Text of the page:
Planning a Positive Cesarean Birth
We chat to hypnobirthing teacher and doula, Claire Dugan of Tutum Birthing about planning a positive abdominal birth.
Are you planning to birth your baby abdominally? Perhaps you have chosen this ‘electively’ or maybe you have been advised for a medical reason. Either way you can still maintain a sense of control over your abdominal birth, allowing you to be prepared and excited whether planned or unplanned.
Here’s Claire’s tips for planning a positive Cesarean Birth…
SET THE SCENE
You can ask for the lights to be dimmed around the theatre room apart from those being used directly above the surgery. This will allow you to feel more calm and relaxed. Once your baby has been born, it will then be able to enjoy skin to skin in a darker more dimly lit atmosphere up by your chest.
It has a wonderfully beneficial effect on your mindset and your ability to remain relaxed. Hypnobirthing as birth preparation really is for all births. Incorporating logic, mindfulness, affirmations, breathing techniques, confidence and techniques to keep the adrenaline at bay so you can enjoy your birth. If you have been using guided hypnobirthing MP3’s in your pregnancy, they would have made a positive association for you which will still be very helpful. Make sure you have your MP3 or music on one headphone, so you have this to keep you calm while also staying informed of what is happening in the room if this is your preference.
Be flexible with your plans
If you have elected or are preparing for an abdominal birth then being aware of your choices, understanding what the team are open to doing within your hospital and then communicating this to them via your wishes for birth will also help you to feel more in control. I always recommend my parents put together an option for a plan B or C. So even if you have an unplanned abdominal birth, you can still have some choices in place.
This means that the obstetrician would make the incision and your baby’s head would be born gently before slowly waiting for the body to follow, this allows your baby to have a calmer entrance into the world. Moving through in this way also helps with expelling the fluid from the lungs which would have been squeezed out if your baby was born vaginally through the birth path.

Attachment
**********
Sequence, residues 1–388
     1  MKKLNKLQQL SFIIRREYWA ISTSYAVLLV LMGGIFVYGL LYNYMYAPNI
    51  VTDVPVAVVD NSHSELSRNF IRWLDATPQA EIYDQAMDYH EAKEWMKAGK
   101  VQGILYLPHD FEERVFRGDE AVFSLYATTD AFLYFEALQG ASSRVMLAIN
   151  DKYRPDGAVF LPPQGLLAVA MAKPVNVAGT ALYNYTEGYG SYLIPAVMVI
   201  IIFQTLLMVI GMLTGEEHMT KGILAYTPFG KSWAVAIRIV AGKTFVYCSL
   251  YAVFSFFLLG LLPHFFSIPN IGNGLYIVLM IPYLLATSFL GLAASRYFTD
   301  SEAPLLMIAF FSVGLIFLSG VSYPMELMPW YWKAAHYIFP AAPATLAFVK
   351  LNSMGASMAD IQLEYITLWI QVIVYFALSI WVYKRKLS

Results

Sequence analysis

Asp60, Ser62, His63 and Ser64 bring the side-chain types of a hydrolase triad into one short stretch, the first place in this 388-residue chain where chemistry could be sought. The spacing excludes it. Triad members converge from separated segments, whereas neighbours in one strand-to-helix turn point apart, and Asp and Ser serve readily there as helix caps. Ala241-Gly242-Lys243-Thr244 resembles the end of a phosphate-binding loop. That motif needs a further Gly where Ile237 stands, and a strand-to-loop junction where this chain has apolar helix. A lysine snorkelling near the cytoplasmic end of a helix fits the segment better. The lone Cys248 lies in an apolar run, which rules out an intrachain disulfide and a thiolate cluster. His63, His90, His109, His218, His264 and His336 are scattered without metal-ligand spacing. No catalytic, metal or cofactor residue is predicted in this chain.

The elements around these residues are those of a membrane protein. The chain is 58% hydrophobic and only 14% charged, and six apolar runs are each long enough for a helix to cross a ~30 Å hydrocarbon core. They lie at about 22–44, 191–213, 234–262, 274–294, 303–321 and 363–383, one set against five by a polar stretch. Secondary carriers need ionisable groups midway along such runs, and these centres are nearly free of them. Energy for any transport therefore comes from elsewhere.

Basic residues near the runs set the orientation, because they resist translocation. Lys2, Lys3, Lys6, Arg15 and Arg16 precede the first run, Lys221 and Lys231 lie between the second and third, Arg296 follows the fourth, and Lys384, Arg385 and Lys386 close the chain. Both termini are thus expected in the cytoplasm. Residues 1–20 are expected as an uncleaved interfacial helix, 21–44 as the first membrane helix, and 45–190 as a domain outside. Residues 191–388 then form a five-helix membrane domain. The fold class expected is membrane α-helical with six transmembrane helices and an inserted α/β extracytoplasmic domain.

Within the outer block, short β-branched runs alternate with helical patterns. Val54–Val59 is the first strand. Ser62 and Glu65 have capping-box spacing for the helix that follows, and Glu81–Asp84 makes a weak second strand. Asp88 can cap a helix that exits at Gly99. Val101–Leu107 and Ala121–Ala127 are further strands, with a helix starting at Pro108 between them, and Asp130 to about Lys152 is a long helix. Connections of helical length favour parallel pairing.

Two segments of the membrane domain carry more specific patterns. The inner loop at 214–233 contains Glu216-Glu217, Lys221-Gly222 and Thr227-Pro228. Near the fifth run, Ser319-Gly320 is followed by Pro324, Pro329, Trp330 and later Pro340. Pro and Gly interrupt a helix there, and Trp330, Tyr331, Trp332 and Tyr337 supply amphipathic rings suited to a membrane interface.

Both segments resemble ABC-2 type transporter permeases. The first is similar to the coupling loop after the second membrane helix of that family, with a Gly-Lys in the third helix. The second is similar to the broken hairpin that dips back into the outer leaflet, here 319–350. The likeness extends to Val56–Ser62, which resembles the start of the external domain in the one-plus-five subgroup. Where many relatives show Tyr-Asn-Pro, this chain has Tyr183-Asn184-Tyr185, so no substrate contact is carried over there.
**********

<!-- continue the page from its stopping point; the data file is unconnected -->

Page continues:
Skin to Skin prep
You can have your gown tied at the front this will enable you to enjoy skin to skin with your little one as soon as you can. Request to have the ECG dots placed on your upper back and shoulders opposed to your chest which will then allow for immediate skin to skin and for your baby to be placed directly on your chest after birth without any interference. The first hour after birth should be as calm as possible to encourage your baby to feed and establish breastfeeding if this is your wish. It will help to produce the oxytocin to stimulate milk production, promote bonding and will assist in encouraging your uterus to contract down. You can request that the midwives do not weigh or measure your baby until after that first initial hour following birth.
Delayed cord clamping.
Straight after birth, historically your baby’s cord would have been cut either right away or after around one minute. We now know that delaying your baby’s cord from being cut has huge benefits for the baby. Delaying it for even 3-5 minutes ensures that they receive a huge amount of extra oxygenated blood volume through the cord from the placenta, up to 30%. They are also then receiving iron which will be enough for 3-6 months. White blood cells and antibodies to keep their immune system boosted. They will also get the transferral of vital stem cells. You can also leave the cord until it goes white and floppy. Delaying your baby’s cord from being clamped should be done for you unless, of course, the baby needs some help after birth and in this case, they will need to clamp the cord to assist your baby.
It can be lowered so you are able to see your baby being born, this has been described as ‘magical’ by some of my parents. It’s totally fine if this may not be for you, but if you would like to experience this, you do need to communicate this with your birth team. And I would suggest before the day just to make sure it is something they do offer.
I really hope this helps you feel more in control of your abdominal birth and prepared in the best way for you as parents, I would urge you to communicate with your midwives as much as possible which will then enable you to stay close to your choices and if it is not possible then you will understand why.
Claire runs specific abdominal birth courses to help prepare and release some of the fear around surgery and gain more positive resources ready to meet your baby
Photograph by @ktcrank the mother photographed. We have the agreement to share this photograph.